Another of the secrets of Leonardo’s Mona Lisa revealed!
Vita gazette – Leonardo Da Vinci’s technique to create the Mona Lisa has been revealed. Scientists who examined the chemical structure of a tiny part of Leonardo Da Vinci’s Mona Lisa painting revealed that the recipe for the oil paint used by the artist was different.
Scientists have obtained new findings regarding the techniques used by the Italian inventor, architect and painter Leonardo Da Vinci: plumbonacrite. This very rare and unstable mineral compound was discovered in the background layer of the famous portrait preserved in the Louvre and the Last Supper painted in Milan. Produced by mixing oil and lead oxide, its presence demonstrates the painter’s willingness to experiment, anticipating by centuries what other artists such as Rembrandt and Vincent van Gogh later did. This was revealed by the analyses conducted by a team of experts from the National Center of French Scientific Research (Cnrs) thanks to the European super microscope ESRF (European Synchrotron Radiation Facility), the synchrotron light structure in Grenoble. The results are published in the Journal of the American Chemical Society.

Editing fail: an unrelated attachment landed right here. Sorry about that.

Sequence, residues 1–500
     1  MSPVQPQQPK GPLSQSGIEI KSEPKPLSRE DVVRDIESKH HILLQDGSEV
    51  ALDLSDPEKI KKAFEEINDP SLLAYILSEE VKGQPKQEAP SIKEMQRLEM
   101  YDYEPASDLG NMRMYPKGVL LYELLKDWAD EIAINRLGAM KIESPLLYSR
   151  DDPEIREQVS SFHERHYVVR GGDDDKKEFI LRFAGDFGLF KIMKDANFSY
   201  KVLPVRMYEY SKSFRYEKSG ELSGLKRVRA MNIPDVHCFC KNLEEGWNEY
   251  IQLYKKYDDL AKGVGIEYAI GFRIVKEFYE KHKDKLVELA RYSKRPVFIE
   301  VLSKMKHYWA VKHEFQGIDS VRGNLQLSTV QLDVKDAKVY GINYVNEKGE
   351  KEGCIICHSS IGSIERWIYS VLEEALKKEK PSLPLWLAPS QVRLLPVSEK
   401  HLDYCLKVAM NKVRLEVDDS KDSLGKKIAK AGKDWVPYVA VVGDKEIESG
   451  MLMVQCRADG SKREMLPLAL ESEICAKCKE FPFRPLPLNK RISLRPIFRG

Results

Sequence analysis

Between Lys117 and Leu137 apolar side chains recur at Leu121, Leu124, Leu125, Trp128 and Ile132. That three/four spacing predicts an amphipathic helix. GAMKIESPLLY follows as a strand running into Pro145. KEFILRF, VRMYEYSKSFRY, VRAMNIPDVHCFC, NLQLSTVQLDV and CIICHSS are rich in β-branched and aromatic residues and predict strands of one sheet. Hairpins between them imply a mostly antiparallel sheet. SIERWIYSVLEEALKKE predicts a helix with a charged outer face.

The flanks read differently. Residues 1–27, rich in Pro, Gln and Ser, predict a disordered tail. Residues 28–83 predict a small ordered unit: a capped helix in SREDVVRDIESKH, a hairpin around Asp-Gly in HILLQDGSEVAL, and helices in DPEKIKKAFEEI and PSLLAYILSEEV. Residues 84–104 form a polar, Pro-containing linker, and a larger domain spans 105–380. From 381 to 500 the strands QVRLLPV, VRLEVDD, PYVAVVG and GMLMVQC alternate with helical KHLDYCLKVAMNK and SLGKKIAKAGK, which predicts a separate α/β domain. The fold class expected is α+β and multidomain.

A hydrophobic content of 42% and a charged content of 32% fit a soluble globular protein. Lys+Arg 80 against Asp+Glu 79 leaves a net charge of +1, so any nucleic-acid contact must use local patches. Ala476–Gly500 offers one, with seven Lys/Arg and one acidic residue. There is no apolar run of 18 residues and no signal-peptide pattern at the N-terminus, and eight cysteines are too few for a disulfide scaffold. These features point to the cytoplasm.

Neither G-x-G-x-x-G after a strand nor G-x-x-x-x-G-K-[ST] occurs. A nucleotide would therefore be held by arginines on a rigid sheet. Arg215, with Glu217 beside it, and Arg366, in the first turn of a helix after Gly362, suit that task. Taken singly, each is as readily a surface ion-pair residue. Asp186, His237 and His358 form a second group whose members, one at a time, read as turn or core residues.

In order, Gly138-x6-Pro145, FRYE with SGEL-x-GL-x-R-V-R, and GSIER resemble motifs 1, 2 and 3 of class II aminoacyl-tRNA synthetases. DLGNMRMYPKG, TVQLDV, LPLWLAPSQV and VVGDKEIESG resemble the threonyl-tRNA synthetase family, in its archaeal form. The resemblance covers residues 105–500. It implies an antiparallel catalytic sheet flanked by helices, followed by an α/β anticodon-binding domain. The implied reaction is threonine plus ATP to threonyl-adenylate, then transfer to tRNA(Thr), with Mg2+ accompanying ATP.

The team, consisting of researchers from France and England, examined the chemical structure of a section as small as the diameter of a human hair from its upper right corner under X-ray light. The team revealed that the oil paint recipe used by the artist as the base layer on the poplar panel was different and found the chemical substance plumbonacrit, a rare compound, in the first paint layer of the painting.
If the substance plumbonacrit, a by-product of lead oxide, is mixed with oil paint, a thick layer appears on the canvas. Victor Gonzalez, the lead author of the study, stated that the hypothesis, previously put forward by art historians, that “the painter may have used ‘lead oxide powder’ to thicken his paint and help it dry when he started working on the portrait” was confirmed for the first time.
By analysing a microscopic sample of the Mona Lisa’s preparatory layer under synchrotron X-rays, “we found a relatively high amount of plumbonacrite, a compound that we think is due to a specific mixture of oil and lead oxide,” explains researcher Victor Gonzalez. Plumbonacrite was also found on fragments of Leonardo’s Last Supper, confirming Leonardo’s desire to innovate by preparing thick and opaque backgrounds treated with large quantities of lead oxide.